In 2007 Zimbabweans long for breakthrough ideas and visions that will help them establish a sense of economic life.  This means visions based on a clear perception of causal elements, and in particular respect for population needs. It means policy strategies that are shaped by values, principles and ethics of honesty, transparency, accountability and democracy.

Noting the ‘complexity of the present economic circumstances’, the prevalent ‘unproductive, polarized partisan politics, the ‘alarming rate of increase of domestic debt and the huge external debt overhang’, the existence of a ‘captive state,’ and the rampant corruption in the public sector, the ZIMCODD 2007 Conference calls for ‘moral regeneration’, and ‘a new value system’ as foundation elements for prudent economic and development policies.

The ZIMCODD August 2007 Conference, notes in summary;

1)the general failure of economic breakthrough in Southern Africa in recent decades. This is particularly explained by the failure of states to envision effective ‘blueprint’ transformation approaches. States underestimated challenges of transforming colonial economic structures;

2)the failure to manage public policies and budgets in the region, which results in untold suffering especially for marginal communities as jobs disappear, as incomes shrivel up, as prices soar above their means, and as goods just become unavailable.  This has come with the entrenchment of a fearsome one party state, tension and conflict. Since 2006 many writers, academics and activists in Zimbabwe have found themselves behind bars for having said, written or done things that Government considered unfriendly.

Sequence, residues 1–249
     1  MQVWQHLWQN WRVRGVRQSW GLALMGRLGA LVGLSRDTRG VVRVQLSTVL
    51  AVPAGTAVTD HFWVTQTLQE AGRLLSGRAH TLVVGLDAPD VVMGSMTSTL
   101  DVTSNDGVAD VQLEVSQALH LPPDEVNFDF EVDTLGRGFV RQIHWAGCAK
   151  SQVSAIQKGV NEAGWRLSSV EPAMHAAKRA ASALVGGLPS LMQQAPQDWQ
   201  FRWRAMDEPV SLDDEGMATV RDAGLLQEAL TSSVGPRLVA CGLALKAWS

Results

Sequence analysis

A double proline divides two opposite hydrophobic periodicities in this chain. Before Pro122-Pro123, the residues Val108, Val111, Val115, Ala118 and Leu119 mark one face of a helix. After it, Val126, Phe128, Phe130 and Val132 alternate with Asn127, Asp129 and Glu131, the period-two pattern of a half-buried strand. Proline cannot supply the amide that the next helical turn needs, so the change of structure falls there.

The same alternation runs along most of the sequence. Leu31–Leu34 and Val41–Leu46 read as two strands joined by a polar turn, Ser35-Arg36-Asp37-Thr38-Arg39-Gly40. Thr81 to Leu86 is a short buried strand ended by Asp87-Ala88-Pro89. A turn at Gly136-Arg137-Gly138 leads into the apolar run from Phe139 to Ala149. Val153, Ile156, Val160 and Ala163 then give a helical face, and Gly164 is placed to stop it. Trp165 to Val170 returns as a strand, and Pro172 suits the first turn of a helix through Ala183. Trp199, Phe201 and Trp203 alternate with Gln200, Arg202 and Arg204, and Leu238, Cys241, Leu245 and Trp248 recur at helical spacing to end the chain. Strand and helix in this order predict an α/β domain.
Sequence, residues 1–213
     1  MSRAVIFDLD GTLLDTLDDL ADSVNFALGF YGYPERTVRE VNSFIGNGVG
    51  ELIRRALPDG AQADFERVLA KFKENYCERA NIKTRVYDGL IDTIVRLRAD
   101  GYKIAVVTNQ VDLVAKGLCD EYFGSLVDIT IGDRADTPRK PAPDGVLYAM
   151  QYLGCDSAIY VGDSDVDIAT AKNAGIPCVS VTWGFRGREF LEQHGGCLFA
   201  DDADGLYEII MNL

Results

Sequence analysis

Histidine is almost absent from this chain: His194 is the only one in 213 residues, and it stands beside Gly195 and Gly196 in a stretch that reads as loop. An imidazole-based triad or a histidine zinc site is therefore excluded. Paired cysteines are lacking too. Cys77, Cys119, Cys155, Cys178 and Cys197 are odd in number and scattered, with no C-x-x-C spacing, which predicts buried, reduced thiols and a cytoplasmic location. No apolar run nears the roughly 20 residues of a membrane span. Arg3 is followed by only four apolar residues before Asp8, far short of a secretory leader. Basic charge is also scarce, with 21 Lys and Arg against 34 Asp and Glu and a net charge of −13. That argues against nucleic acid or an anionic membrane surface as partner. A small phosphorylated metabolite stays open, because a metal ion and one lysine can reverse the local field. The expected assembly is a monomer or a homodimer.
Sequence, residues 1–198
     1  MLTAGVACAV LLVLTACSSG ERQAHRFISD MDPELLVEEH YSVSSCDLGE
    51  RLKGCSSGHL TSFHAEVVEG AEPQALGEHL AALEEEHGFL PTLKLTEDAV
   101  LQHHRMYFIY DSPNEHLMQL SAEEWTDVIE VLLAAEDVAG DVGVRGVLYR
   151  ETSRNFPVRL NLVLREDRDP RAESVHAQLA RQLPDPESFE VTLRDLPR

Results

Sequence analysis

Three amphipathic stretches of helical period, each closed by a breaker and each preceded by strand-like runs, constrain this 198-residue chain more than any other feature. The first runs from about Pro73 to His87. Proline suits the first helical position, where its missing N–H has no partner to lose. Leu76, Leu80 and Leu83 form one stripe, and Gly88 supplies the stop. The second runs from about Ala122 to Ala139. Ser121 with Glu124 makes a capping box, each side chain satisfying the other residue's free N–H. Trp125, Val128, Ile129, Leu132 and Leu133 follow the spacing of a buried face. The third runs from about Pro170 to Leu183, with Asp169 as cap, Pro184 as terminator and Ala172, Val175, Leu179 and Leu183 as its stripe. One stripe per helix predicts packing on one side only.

3)that liberalization has worked to undermine labor constituencies and erode the power of governing states and other entities, to worsen public indebtedness, and to undermine the capacity of the economy to grow, to cause population and social dislocation and migration, and to erode human conditions of life across the region;

4)that with the unfolding of the new millennium there is increasing need for new, innovative policy approaches, beyond mere liberalization. There is need for new policy approaches that can prioritize and link population needs and challenges to local resource capacities. There is urgent need for visionary leadership and expertise to guide political and socio economic transformation and development processes in the region;  

5)the urgent need for a new culture of accountability, transparency and democratic values in public resource management, to reduce income inequalities, unemployment and poverty particularly among marginal rural communities, women and girl-children who continue to occupy the fringes of the economy.  

The Zimbabwe Coalition on Debt and Development ZIMCODD is an economic justice coalition established in February 2000 to facilitate the involvement of citizens, through their agencies and activitists, in making public policy and practice pro-people and sustainable. – Masimba Manyanya, is Member of the Zimbabwe Economic Society and Associate of Zimbabwe Coalition on Debt and Development ZIMCODD who can be contacted on [email protected]